• We are survivor-centered. We believe everyone’s situation is different, and that survivors of violence know their situation best. We do not believe in telling survivors what to do, what to want, or how to proceed. We believe in offering concrete help whenever and as often as needed. We honor and respect each individual’s journey.
  • Staff, board, and volunteers are at the core of Elizabeth Freeman Center. We value the experience, dedication, and commitment they bring to our work, many as survivors themselves. We offer openness to innovation and the opportunity and resources to do meaningful, impactful work. Because we are committed to working for economic and social justice for staff as well as clients, we believe in also offering staff: competitive salary, excellent benefits, engaged and dedicated colleagues, training and education in best practices, and career development opportunities.
  • We rely on best practices and a continuous evaluation of our work to guide our growth and remain a leader in the movement to end domestic and sexual violence.


EFC represents the merger of two grass roots organizations: Women Services Center, which incorporated in 1974 to address domestic violence; and Rape Crisis Center, which incorporated in 1976 to address sexual assault. These two organizations combined in 1997 and adopted the name “Elizabeth Freeman Center,” in honor of a local hero who was born into slavery and successfully sued for her freedom. In 49 years, we’ve grown from small groups of dedicated volunteers working out of their cars and homes to become a county-wide presence with an array of services. We now have offices in North Adams, Pittsfield and Great Barrington with staff also sited in two police stations, three courts and Berkshire County Kids’ Place.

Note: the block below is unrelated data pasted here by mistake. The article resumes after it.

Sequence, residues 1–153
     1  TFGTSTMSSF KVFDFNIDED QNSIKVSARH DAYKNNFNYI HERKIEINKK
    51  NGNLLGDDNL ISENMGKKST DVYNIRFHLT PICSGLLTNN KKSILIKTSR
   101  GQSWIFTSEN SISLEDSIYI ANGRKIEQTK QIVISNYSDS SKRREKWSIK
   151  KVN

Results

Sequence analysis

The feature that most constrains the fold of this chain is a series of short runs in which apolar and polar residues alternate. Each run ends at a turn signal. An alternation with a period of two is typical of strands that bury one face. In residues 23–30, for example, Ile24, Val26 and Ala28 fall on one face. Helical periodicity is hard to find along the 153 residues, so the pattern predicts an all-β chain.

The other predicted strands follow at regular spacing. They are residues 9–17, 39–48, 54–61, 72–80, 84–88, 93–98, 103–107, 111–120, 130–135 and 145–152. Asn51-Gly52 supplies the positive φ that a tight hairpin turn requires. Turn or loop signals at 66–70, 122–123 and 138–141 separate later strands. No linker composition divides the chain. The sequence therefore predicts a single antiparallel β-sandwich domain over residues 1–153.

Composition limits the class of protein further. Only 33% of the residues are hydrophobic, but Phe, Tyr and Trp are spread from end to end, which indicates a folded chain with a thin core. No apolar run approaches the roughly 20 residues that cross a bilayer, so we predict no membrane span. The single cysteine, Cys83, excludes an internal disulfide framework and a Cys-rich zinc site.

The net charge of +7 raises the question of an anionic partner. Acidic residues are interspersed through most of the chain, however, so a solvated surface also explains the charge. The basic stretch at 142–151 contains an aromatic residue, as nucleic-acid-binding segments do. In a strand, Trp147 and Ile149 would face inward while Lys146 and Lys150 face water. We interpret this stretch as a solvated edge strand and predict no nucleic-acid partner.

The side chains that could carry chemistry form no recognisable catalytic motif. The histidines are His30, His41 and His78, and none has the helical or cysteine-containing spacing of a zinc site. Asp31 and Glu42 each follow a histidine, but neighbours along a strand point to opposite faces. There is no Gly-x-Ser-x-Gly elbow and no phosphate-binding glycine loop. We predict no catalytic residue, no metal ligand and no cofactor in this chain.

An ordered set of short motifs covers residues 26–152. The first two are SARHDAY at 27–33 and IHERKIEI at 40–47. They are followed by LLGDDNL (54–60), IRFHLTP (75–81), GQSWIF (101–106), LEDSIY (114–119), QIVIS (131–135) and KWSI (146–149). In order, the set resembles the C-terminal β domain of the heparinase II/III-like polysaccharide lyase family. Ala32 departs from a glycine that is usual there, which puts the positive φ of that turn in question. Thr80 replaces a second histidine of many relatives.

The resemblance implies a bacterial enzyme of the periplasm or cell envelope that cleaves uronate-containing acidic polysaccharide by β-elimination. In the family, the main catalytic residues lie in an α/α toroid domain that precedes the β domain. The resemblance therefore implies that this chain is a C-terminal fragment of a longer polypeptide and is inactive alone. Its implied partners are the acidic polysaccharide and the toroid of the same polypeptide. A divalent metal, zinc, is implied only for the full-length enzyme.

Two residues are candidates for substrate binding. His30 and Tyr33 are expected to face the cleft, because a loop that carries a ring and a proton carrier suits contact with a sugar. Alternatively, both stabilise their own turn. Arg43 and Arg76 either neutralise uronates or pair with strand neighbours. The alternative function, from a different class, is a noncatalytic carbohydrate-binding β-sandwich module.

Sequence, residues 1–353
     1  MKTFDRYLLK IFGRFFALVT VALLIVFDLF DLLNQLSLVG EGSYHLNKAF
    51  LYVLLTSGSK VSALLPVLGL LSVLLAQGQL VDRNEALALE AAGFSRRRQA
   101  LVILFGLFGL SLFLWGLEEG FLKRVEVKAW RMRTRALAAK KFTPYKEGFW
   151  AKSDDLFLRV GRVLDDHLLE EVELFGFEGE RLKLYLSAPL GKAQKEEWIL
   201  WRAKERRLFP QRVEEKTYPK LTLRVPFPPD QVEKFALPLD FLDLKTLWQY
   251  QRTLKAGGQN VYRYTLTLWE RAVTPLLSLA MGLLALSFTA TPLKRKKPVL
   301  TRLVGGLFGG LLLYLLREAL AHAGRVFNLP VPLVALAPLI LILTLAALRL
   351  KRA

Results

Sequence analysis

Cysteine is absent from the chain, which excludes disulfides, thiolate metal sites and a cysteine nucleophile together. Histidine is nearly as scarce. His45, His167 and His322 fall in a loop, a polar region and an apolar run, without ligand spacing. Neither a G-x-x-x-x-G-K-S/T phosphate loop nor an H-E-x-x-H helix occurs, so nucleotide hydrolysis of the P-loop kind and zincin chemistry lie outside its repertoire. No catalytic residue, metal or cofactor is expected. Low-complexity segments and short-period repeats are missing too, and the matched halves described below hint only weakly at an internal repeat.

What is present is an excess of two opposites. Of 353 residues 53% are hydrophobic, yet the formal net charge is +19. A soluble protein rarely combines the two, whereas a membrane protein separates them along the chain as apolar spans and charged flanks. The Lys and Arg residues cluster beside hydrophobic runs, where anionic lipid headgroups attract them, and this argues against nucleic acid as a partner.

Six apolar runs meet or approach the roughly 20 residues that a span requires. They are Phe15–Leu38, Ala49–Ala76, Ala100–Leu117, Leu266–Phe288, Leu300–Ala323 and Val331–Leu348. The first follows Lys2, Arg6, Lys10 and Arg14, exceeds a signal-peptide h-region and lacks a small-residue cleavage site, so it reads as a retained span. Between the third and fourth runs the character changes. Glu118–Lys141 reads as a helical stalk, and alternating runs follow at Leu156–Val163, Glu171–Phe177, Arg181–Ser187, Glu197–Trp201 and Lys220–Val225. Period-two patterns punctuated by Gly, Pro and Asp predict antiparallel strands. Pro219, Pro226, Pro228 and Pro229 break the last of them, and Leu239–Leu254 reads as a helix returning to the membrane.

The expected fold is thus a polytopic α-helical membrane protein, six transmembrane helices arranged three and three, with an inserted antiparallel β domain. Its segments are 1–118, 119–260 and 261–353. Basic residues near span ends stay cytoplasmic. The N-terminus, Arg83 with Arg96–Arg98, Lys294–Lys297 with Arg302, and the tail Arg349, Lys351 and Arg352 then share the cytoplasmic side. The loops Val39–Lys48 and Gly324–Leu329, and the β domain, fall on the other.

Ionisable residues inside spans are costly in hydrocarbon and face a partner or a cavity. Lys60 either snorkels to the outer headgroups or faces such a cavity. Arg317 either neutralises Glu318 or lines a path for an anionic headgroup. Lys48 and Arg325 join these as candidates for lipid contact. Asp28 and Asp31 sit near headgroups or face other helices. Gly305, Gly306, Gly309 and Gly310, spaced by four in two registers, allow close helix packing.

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The need for our services is great. In the United States:

  • More than 1 in 3 women (35.6%) and more than 1 in 4 men (28.5%) have experienced rape, physical violence, and/or stalking by an intimate partner in their lifetime. Limited data exist for other gender identities, but the rates of violence experienced by trans and gender non-conforming individuals appear to be at least as high.
  • Nearly 1 in 5 women (18.3%) and 1 in 71 men (1.4%) have been raped. 79.6% of female victims are raped before the age of 25; 42.2% are raped before the age of 18. 27.8% of male victims are raped before the age of 10.  64% of trans individuals have experienced sexual assault.
  • Because abusers exploit power differentials, marginalized communities – including individuals who are people of color, LGBTQ, living with a disability, and/or immigrants – often experience higher rates of violence.